I have attempted to conquer it numerous times, and every single time, I have failed. The marathon is a daunting challenge – and I am not alone in saying that it has defeated me every time I have attempted it. That doesn’t mean I’m not going to give it a go – maybe the marathon and I can be friends?
It always starts with so much promise – the energy and fun of the start line, the ease of the first few miles as the crowd and the runners are having fun and chatting. Generally, you head through the halfway point right on schedule or maybe a bit ahead of schedule. Through 14 or 15 you’re thinking “I got this – I’m more than halfway, I’m feeling good. I just gotta stay on pace and not get bogged down.”
It doesn’t take long after that. Somewhere in the mile 16-18 area, you just lose focus, you drift, the pain hits a little more, and you start fighting. You forget why this was important to you, you forget your plan, you get distracted. You aren’t sure if it hurts more to walk or run, but you sure that it all hurts.
Then around mile 22 or 23, you’re running again. You’re behind schedule now, and you definitely don’t have the energy to make up for lost time. You have so many blisters and cramps you can’t count them all, but you’re moving again. I wouldn’t say you’re feeling awesome, but you know you’re going to make it now.
So many things in life seem to have stages just like this – the honeymoon beginning, the smooth trails for a while, the bad patch where you aren’t sure what was wrong with you when you signed for it, and the homestretch.
Our spiritual life has times like this, and as youth ministers, we’ve seen it happen countless times. Our teens head into this seemingly every retreat and conference weekend – the excitement of going through a spiritual peak with a community, the good stretch of renewed faith following the retreat, the rough valley that hits soon after – and (we hope) the recovery that comes from good prayer habits and support from the parish and community.
I’ve also definitely gone through this as a youth minister – probably almost every year I was in youth ministry. The year starts great with adding a few new core members, having a great core training/social/planning weekend, getting into the year with a big kick-off and sailing through the new year with good momentum and fun events, with a retreat mixed in. Somewhere in that late winter, it always seem to hit.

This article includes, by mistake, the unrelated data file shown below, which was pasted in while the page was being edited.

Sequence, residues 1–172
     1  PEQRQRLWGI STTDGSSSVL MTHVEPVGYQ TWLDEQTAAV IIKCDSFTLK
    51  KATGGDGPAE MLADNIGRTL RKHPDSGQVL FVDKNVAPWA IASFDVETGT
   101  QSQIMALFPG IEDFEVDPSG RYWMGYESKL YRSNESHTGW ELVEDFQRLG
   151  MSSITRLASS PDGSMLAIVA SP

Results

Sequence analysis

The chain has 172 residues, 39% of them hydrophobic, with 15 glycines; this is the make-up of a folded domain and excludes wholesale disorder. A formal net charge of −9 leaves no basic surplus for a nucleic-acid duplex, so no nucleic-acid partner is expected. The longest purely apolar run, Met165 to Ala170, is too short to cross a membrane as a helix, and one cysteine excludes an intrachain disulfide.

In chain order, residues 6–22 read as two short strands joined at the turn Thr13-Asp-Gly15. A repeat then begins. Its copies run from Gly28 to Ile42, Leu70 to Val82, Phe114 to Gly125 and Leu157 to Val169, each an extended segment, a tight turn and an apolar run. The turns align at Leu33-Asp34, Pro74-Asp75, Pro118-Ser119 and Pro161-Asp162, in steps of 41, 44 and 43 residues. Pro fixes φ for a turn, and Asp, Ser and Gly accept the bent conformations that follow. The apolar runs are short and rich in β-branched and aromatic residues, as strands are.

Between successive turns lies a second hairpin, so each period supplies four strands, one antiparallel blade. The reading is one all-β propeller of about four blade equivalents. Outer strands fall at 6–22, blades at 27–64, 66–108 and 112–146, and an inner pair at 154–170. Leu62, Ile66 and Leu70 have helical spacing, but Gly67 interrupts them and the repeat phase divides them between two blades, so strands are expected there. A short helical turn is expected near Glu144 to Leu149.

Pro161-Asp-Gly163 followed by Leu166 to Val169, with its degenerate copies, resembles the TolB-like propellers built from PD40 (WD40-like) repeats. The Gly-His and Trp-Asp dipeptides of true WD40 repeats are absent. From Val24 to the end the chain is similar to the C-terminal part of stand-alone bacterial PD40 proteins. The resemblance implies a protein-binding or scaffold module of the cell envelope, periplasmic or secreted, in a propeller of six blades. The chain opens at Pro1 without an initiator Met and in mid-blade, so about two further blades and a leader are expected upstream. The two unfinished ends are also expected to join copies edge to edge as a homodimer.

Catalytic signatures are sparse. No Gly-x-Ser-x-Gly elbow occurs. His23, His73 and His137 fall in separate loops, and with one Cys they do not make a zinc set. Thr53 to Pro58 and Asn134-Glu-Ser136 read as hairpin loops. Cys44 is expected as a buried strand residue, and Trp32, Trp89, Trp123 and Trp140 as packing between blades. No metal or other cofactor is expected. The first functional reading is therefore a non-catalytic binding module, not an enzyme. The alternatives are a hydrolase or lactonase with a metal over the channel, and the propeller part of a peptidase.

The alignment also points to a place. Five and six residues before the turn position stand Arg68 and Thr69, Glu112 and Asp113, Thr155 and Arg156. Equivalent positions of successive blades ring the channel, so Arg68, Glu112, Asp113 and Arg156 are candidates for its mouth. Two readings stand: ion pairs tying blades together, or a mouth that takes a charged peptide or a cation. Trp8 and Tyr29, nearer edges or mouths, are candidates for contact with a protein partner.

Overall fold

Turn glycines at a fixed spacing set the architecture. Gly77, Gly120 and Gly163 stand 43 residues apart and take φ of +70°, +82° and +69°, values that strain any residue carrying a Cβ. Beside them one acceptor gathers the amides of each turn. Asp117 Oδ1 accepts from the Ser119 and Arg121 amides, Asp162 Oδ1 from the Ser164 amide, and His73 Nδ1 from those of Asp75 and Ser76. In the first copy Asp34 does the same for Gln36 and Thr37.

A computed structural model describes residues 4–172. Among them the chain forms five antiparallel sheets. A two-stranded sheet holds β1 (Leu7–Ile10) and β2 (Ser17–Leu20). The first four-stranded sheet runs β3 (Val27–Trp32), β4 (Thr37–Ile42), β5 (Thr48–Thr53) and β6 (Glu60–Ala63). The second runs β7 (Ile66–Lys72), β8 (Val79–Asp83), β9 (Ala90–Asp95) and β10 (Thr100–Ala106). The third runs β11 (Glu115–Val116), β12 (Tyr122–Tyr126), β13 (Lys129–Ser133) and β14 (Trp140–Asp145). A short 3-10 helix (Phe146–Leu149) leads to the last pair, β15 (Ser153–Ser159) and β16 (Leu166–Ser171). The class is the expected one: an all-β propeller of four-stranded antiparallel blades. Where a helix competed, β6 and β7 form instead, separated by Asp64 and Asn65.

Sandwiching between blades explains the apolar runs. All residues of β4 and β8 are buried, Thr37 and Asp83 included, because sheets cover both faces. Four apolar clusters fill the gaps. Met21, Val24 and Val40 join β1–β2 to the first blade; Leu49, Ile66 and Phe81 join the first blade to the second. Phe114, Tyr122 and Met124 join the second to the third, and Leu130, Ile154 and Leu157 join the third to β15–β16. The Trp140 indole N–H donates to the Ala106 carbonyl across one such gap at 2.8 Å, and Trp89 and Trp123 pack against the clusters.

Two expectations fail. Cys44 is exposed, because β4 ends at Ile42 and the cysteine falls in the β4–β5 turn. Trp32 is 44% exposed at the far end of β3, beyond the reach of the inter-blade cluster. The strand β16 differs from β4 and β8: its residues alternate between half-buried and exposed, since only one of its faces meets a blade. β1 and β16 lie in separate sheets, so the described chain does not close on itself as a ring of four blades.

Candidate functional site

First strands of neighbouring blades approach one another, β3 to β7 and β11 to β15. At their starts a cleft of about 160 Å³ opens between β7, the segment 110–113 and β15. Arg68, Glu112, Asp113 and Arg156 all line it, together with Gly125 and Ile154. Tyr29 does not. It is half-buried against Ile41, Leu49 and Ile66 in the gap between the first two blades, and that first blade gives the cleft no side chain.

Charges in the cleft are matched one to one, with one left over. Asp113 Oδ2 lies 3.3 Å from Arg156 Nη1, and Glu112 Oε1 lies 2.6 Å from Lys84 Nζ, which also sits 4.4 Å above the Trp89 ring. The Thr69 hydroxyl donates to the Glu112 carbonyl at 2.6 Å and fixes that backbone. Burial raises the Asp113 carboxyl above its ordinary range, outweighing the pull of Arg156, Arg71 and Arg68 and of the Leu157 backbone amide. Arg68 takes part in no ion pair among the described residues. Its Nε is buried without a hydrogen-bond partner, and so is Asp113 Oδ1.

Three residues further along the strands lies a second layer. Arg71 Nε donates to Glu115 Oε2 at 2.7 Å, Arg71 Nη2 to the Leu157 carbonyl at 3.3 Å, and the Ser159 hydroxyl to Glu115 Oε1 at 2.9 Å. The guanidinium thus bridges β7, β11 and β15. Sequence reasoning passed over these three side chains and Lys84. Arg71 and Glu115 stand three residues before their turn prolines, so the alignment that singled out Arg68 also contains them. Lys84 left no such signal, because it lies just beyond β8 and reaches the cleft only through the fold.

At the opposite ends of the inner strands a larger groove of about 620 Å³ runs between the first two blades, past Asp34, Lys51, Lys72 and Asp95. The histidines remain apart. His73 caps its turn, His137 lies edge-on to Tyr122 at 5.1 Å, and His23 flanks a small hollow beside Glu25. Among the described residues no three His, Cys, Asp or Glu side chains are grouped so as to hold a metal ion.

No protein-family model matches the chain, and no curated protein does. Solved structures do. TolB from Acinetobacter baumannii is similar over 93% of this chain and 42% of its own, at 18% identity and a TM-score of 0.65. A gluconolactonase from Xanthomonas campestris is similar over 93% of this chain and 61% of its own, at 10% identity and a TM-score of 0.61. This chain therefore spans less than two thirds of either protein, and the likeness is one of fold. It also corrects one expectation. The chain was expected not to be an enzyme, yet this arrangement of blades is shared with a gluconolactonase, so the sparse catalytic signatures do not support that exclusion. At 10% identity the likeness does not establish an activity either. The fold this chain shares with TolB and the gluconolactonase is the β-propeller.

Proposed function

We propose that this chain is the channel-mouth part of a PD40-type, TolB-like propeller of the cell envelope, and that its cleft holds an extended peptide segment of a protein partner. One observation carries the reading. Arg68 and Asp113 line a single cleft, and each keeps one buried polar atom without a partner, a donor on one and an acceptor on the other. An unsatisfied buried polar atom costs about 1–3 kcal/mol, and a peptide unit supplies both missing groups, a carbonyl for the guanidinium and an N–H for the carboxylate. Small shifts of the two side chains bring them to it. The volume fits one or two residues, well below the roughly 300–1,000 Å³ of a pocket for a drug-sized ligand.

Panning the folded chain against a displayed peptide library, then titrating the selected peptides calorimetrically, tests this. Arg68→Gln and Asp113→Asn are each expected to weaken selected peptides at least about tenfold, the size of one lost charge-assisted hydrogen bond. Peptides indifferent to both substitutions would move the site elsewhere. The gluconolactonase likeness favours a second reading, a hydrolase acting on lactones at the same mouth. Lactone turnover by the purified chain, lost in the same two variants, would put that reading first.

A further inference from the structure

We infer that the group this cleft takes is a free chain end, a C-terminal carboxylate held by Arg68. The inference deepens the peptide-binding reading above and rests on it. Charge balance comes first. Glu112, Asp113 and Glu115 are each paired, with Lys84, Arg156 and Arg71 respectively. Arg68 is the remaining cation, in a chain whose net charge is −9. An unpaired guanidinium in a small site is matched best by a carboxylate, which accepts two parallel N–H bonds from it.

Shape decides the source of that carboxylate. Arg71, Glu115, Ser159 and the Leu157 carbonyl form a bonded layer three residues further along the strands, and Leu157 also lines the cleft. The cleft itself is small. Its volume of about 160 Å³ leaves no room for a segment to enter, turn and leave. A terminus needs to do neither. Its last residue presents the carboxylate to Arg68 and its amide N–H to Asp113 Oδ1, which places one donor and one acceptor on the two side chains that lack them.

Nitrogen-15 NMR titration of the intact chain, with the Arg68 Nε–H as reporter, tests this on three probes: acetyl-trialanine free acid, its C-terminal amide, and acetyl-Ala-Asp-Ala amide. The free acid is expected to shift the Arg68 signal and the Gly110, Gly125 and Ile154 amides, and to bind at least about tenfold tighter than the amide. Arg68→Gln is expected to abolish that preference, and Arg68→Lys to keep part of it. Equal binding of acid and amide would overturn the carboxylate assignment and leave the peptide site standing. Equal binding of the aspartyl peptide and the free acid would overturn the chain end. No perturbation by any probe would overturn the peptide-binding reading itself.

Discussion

Maybe it’s the dark earlier that makes your nights seem later when you’re turning off the lights alone. Maybe it’s the cold. But I always seemed to lose focus around here – worrying about numbers and fundraising goals. I forgot the real reasons I was in youth ministry and the blessing of the call and started thinking about the “work” I was burdened with.
It didn’t usually take me too long to figure out that I was getting distracted and losing heart. But sometimes, when you’re in the middle of it, and the bad patch hits, you’re too zoned in to recognize it and move past the negativity. Sometimes it takes a friend or mentor to remind you of what brought you to the start line in the first place. And running to prayer and renewing myself in the sacraments is really the only refuge here. Listening to God remind me of His call. Allowing God to run the ministry, rather than feeling like I was the show-master.
After a while of renewing myself through prayer I could feel myself get excited for spring retreat and the awesomenss that would be our summer events. The excitement would build back up – just like the homestretch of a race.
So many parts of life seem to have this bad patch – this lull – this break in concentration and focus. And the marathon and my years in ministry have taught me the importance of “gutting it out.” Staying faithful to what God has called you to do, consistently listening to Christ to lead you in your life, your spirituality and in youth ministry. We know that there will be lots of good times, and we know the next bad patch is somewhere around the corner.
Staying faithful, courageous and fearless in our “YES!” to God will get us through.